Project "Outernet" looking to bring free Internet to entire world
February 24, 2014 by Bob Yirka
A small team of workers at a New York based non-profit organization called Media Development Investment Fund (MDIF) has announced its intention to build an "Outernet"—a global network of cube satellites broadcasting Internet data to virtually any person on the planet—for free. The idea, the MDIF website says, is to offer free Internet access to all people, regardless of location, bypassing filtering or other means of censorship.
As the Internet has grown in size and importance, human rights organizations, or those (such as MDIF) promoting freedom of expression, have begun to propose that access to the information that the Internet can provide, is a basic human right. Conversely, they suggest that restricting access to the Internet is a violation of human rights. MDIF seeks to circumvent those that might wish to violate such human rights by bypassing their ability to restrict access—they are proposing that hundreds of cube satellites be built and launched to create a constellation of sorts in the sky, allowing anyone with a phone or computer to access Internet data sent to the satellites by several hundred ground stations.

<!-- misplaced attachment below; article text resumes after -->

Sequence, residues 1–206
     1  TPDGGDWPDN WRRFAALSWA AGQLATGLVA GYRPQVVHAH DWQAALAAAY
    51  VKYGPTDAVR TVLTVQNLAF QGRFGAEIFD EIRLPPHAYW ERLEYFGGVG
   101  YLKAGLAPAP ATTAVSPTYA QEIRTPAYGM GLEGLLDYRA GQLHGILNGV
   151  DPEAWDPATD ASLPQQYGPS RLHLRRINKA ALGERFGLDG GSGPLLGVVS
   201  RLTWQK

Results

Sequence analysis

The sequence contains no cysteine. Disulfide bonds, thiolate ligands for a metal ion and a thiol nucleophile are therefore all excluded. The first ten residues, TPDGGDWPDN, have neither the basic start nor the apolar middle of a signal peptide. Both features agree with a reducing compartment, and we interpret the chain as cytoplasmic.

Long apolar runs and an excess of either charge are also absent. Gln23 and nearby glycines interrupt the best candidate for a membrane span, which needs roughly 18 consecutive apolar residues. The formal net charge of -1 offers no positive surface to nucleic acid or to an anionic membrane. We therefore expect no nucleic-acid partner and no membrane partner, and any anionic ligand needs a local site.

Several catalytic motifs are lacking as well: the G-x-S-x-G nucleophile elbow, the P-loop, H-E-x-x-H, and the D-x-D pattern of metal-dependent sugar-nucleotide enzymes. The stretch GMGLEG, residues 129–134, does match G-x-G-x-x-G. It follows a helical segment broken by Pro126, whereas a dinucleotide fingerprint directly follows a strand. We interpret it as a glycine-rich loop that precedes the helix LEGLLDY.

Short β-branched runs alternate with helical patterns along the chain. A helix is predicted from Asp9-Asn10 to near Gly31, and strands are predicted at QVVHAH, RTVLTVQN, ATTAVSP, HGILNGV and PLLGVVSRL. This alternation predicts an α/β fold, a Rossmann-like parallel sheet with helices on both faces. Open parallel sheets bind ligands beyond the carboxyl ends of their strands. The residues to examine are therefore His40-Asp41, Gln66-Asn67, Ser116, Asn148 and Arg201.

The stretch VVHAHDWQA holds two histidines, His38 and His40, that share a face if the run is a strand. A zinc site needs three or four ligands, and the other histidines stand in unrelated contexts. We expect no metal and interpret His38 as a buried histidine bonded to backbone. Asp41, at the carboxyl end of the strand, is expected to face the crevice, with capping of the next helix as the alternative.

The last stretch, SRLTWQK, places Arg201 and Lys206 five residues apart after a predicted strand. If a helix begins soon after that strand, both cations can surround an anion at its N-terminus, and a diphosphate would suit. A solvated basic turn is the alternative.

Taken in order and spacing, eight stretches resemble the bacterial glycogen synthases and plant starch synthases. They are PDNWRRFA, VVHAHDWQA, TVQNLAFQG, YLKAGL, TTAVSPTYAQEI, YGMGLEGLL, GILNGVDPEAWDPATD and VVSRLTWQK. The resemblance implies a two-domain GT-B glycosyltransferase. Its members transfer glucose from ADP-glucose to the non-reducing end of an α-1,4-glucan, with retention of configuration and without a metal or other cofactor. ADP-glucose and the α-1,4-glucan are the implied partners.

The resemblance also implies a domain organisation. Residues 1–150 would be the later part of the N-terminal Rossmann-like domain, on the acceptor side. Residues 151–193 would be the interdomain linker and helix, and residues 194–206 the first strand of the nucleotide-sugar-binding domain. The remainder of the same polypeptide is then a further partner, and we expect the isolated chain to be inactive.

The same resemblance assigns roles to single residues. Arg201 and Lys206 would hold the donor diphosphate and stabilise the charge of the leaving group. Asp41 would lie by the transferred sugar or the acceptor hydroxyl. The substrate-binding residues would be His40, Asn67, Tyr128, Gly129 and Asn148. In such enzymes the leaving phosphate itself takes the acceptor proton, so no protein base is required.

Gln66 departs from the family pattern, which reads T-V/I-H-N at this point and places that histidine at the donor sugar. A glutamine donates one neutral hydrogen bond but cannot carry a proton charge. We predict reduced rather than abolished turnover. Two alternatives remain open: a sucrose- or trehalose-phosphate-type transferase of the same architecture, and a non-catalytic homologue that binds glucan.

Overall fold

MDIF claims that 40 percent of the people in the world today are still not able to connect to the Internet—and it's not just because of restrictive governments such as North Korea—it's also due to the high cost of bringing service to remote areas. An Outernet would allow people from Siberia to parts of the western United States to remote islands or villages in Africa to receive the same news as those in New York, Tokyo, Moscow or Islamabad. That they say, would guarantee all people the same Internet rights as everyone else.
The Outernet, as envisioned, would be one-way—data would flow from feeders to the satellites which would broadcast to all below. MDIF plans to add the ability to transmit from anywhere as well as soon as funds become available. At this time, it's not clear how much MDIF has been able to collect for the project, but acknowledge that building such a network would not be cheap. Such satellites typically run $100,000 to $300,000 to build and launch. Still, the timeline for the project calls for deploying the initial cubesats as early as next summer.
As conceived, at least in its initial stages, the constellation of satellites would broadcast data received in a continuous loop until new fresh data arrives. Broadcasting will be done using already accepted international standards such as UDP-based WiFi multicasting, DVB, and Digital Radio Mondiale.
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